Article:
- Johnson & Johnson will directly manage manufacturing of its coronavirus vaccine at a Baltimore factory run by contractor Emergent Biosolutions, assuming "full responsibility" for production there after a mix-up several weeks ago ruined enough drug material for millions of doses.
- In a statement Sunday, J&J said it would significantly increase the number of employees at Emergent's site, adding "dedicated leaders for operations and quality." The site, which Emergent still owns, is not yet approved for production by the Food and Drug Administration, meaning no doses made there have been distributed or administered in the U.S.
- The federal government had also contracted Emergent to make AstraZeneca's experimental coronavirus vaccine at the Baltimore factory, along with J&J's shot. As a result of J&J taking over control of production, however, manufacturing of AstraZeneca's vaccine will be relocated to other locations, the British drugmaker confirmed.
Emergent, a Maryland-based drugmaker that prior to the pandemic was principally known for its anthrax vaccines, played a significant role in the Trump administration's plans to ramp up vaccine production last summer.
In June, the U.S. government agreed to pay over $500 million to reserve manufacturing space at Emergent's three sites in Maryland through this year. The deal included another $85 million to help the company improve its capacity to "fill and finish" vaccine doses.
The Baltimore facility, known as Bayview, was central to those plans, and was later tapped to produce what's known as the "drug substance" for both J&J's and AstraZeneca's vaccines. (Drug substance is made into a finished drug product at a later production step that involves filling and finishing vaccine vials.)
Several weeks ago, however, workers at the site reportedly conflated ingredients for the two shots, ruining one batch of manufactured drug substance of J&J's vaccine. According the New York Times, the batch was sufficient to make up to 15 million doses of the shot.
Emergent's CEO, Robert Kramer, has denied workers mixed up ingredients, although neither he nor the company has specified what exactly caused the batch to fail production standards.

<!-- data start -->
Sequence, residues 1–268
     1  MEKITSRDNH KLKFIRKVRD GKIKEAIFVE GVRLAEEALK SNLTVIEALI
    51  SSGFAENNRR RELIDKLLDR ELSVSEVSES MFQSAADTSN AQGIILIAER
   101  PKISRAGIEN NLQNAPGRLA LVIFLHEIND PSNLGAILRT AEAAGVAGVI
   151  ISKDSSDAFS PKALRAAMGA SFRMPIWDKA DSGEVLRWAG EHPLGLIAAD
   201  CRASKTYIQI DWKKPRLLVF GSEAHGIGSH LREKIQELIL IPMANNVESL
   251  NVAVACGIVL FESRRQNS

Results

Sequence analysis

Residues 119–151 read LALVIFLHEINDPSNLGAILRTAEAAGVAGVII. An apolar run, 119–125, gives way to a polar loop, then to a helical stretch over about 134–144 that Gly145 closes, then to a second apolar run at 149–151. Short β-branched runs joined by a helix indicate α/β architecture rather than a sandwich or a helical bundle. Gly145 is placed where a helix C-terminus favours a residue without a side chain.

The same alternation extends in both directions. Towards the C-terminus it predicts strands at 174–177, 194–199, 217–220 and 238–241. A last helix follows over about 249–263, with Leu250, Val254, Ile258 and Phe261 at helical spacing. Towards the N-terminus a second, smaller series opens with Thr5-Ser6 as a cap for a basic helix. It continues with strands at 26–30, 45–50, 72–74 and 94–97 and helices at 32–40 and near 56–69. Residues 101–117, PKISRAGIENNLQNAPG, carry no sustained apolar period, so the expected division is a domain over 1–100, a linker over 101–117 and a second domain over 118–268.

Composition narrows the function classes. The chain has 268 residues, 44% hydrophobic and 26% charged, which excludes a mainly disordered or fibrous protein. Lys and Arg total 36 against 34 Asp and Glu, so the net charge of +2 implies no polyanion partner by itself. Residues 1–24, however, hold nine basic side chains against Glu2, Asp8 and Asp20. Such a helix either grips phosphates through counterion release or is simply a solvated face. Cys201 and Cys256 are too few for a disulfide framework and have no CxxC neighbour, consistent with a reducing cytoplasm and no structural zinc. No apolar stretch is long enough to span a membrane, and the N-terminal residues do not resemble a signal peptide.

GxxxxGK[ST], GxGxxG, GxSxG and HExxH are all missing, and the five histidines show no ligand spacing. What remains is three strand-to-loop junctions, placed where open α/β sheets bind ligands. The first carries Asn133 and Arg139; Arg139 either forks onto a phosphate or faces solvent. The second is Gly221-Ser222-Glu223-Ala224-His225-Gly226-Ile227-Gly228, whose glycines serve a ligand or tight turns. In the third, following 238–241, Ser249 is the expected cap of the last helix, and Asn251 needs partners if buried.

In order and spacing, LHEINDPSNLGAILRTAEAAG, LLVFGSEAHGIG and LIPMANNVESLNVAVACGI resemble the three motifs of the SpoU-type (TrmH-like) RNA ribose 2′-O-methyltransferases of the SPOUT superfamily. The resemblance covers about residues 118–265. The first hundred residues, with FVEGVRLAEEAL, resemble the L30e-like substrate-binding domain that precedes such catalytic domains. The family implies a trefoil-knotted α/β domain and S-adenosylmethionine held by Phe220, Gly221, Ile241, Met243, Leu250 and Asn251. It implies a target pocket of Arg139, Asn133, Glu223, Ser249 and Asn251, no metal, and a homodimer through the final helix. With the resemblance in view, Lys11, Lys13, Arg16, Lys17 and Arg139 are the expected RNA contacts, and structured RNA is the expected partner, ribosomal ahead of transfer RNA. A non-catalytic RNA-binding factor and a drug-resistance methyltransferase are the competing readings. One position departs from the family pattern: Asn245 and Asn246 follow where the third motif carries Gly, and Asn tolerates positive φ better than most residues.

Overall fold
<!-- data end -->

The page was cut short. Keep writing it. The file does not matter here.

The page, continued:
"It wasn't the case where an ingredient from one vaccine contaminated or impacted the other," Kramer said in an April 1 interview on CNBC. "It was more simply the fact that one production run, one batch of product, was determined to be inconsistent with our quality specifications of Emergent and J&J."
However it happened, the manufacturing error is a notable black mark for Emergent's reputation and a setback for the hastening vaccine rollout in the U.S., in which J&J's shot was expected to play a substantial role. The vaccine is given as one dose, rather than the two required for both Pfizer's and Moderna's currently authorized shots.
J&J still expects to deliver the 100 million doses it agreed to supply the U.S. by the end of May. The pharma company delivered 20 million in March and expects to ship out 24 million this month.
According to The New York Times and Politico, the Biden administration, concerned about the mix-up's impact on supply and potential effect on public perception, ordered J&J to take over at the Bayview site.
In doing so, the administration appears to be prioritizing J&J's vaccine over AstraZeneca's, which has not yet been submitted to the FDA for emergency clearance. While the British drugmaker's shot has been approved in dozens of other countries, U.S. regulators were waiting for results from a large clinical trial that only recently read out positive results.
The good news was marred by a communication mishap, however, that added to recent safety concerns in Europe, where a number of countries had stopped vaccinations following reports of a rare and unusual clotting disorder that in more than a dozen cases led to death.
As vaccinations with Pfizer's, Moderna's and J&J's vaccines mount in the U.S., it's not clear how much of a role AstraZeneca's shot would play even if authorized by the FDA later this month.
In a statement, AstraZeneca said it would "work with the U.S. government to identify an alternative location for domestic drug substance production" of its vaccine. The company uses a site in Ohio to fill and finish doses.